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Cooking for Mr. Latte is a delightfully modern dating story, recipes included. It's the true story of the courtship between Amanda Hesser, a food writer for The New York Times and author of the award-winning cookbook The Cook and the Gardener, and writer Tad Friend, the titular Mr. Latte. Most of the book was written in installments for the New York Times Magazine, but fans of Hesser's writing will be happy to know that there are plenty of new stories and recipes to justify picking up the book version. Her tale ends happily ever after, but has enough ups and downs to keep it interesting. And it's not all about Mr. Latte. Ever wonder what it's like to eat out with foodie guru Jeffrey Steingarten? Chances are you guessed wrong.
Food is an important aspect of Hesser's life (though it wasn't for Mr. Latte when they met, making for some of the downs in the ups and downs), but it's not until you notice how seamlessly Hesser weaves her meals into her story that you realize how much of our lives and our memories revolve around food. By the time you get to the recipes, you've already salivated over the dishes and become emotionally attached to them. From her mother's Chocolate Dump-It Cake to the Ginger Duck her future mother-in-law made the first time they met, you'll love that Hesser pays such close attention and generously shares the recipes. Filled with everything from old-fashioned treats from her grandmother's kitchen to dishes from some of New York's hottest dining spots, this is one entertaining read that is sure to end up in your kitchen. --Leora Y. Bloom --This text refers to an out of print or unavailable edition of this title.
Charming and smart. (New York Times Book Review)
In a category all its own...weaves inviting recipes into delightful first-person prose. [Hesser] is abundantly talented. (John Edward King - Christian Science Monitor)
A reach as wide as Emeril Lagasse, sex appeal on par with that of TV-chef-cum-temptress Nigella Lawson, and a literary voice likened to that of M. F. K. Fisher. (Nina Willdorf - Boston Phoenix)
A totally lovable book, a kind of Bridget Jones for foodies. (Irene Sax - Epicurious.com)
When you just look on the recipe index it may seem not much of an interest, but when you start to read it - it so much more and it's enrich anyone interested in the Art of Cooking.Published 17 months ago by elena zaltsberg
A bit of a sense of humor plus recipes plus prose... You really get a look inside the head of a food critic, and how she lives and thinks. Read morePublished on August 4, 2013 by Kolika Kirk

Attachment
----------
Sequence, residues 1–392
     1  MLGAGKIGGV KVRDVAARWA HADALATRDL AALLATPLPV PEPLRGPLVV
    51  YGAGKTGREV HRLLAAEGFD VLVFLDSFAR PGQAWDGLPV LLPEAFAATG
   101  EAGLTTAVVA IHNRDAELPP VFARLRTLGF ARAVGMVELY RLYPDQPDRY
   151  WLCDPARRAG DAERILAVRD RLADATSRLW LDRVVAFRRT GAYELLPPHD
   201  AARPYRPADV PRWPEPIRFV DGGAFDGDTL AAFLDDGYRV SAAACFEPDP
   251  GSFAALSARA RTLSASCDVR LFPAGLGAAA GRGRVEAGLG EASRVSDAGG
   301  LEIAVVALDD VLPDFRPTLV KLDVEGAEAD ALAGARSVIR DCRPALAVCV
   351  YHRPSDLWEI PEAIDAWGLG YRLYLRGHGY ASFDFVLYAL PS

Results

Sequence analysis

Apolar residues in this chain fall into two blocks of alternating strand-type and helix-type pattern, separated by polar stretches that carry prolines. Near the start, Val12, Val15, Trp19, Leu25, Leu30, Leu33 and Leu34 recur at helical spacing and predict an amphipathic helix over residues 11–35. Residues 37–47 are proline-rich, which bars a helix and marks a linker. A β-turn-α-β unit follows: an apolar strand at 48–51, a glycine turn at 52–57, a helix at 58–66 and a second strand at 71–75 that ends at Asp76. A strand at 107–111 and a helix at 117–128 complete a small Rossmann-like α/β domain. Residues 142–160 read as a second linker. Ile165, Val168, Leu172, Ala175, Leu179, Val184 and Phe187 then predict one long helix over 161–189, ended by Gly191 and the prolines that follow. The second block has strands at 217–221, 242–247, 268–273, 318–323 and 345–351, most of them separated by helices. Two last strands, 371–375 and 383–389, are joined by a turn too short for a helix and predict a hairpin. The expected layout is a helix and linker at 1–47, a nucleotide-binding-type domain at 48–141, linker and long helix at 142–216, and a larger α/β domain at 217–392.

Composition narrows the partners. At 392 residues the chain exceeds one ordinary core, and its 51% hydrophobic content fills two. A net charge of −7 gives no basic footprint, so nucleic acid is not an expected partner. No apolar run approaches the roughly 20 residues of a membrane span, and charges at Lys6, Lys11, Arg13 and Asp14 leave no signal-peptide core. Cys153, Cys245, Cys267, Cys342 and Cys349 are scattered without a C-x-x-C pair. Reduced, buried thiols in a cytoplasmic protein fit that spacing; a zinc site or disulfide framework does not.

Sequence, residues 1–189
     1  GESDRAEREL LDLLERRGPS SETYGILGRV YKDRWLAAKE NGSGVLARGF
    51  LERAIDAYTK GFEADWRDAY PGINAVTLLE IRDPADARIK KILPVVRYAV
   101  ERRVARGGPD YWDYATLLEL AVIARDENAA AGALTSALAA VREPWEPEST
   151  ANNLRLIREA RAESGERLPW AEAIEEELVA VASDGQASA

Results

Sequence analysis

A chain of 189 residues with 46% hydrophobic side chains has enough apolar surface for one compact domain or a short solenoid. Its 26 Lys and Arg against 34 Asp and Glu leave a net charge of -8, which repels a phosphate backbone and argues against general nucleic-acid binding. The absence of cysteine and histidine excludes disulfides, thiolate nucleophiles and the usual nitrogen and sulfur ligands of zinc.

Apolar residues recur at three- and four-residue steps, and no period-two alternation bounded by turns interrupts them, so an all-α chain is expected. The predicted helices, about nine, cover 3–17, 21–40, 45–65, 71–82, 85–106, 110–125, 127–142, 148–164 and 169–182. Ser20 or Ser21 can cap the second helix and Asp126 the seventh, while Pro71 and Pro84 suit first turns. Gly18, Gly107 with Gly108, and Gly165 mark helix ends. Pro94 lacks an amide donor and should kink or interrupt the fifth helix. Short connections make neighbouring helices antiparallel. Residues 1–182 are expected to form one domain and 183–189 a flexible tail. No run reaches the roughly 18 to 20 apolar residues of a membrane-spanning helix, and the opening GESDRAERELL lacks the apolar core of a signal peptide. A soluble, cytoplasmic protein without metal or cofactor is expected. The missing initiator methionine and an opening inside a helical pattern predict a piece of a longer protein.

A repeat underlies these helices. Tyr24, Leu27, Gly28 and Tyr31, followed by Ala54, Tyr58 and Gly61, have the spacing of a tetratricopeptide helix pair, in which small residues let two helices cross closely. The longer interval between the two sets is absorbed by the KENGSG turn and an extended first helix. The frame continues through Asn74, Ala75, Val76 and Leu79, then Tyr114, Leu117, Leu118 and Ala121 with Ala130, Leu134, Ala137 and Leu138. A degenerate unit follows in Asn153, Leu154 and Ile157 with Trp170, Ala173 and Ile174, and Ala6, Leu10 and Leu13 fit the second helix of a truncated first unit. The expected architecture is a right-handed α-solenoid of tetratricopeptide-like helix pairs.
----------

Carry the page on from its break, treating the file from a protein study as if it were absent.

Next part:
thank you for sending this to me so quickly. it was in perfect condition and i'm halfway through it. great read and i'm sure every customer you've had is satisfied like myself :)Published on July 29, 2009 by Laquisha Hill
Adapted into a book from her columns, I wish there could have been more fresh writing. There is a storyline, but the plot and the insights are far too light for someone who is... Read morePublished on July 15, 2009 by E. Manangan
I'm no foodie, but that didn't keep me from loving this book. Hesser has a clean, effortless way of writing that's enchanting. Read morePublished on September 29, 2008 by Kate Chopin
Cooking for Mr. Latte traces the developing true-life romance between an obsessive foodie and her boyfriend, who takes what he puts in his mouth (and when) far less seriously than... Read morePublished on August 5, 2008 by George Eliot
I bought this book three years ago and I never get tired of reading it. I have cooked several of the recipes and have rarely been disappointed. Read morePublished on April 20, 2008 by E. Tracy
Cooking for Mr. Latte is the best in journal writing: meaningful, comic, and satisfying. Her recipes are strongly written because she is good at sharing. Read morePublished on March 26, 2008 by Karen
If you are looking for an easy read, try Amanda Hesser's year-in-the-life. She writes of her courtship to Mr. Latte and includes lots of food talk along the way. Read morePublished on January 7, 2008 by Suzanne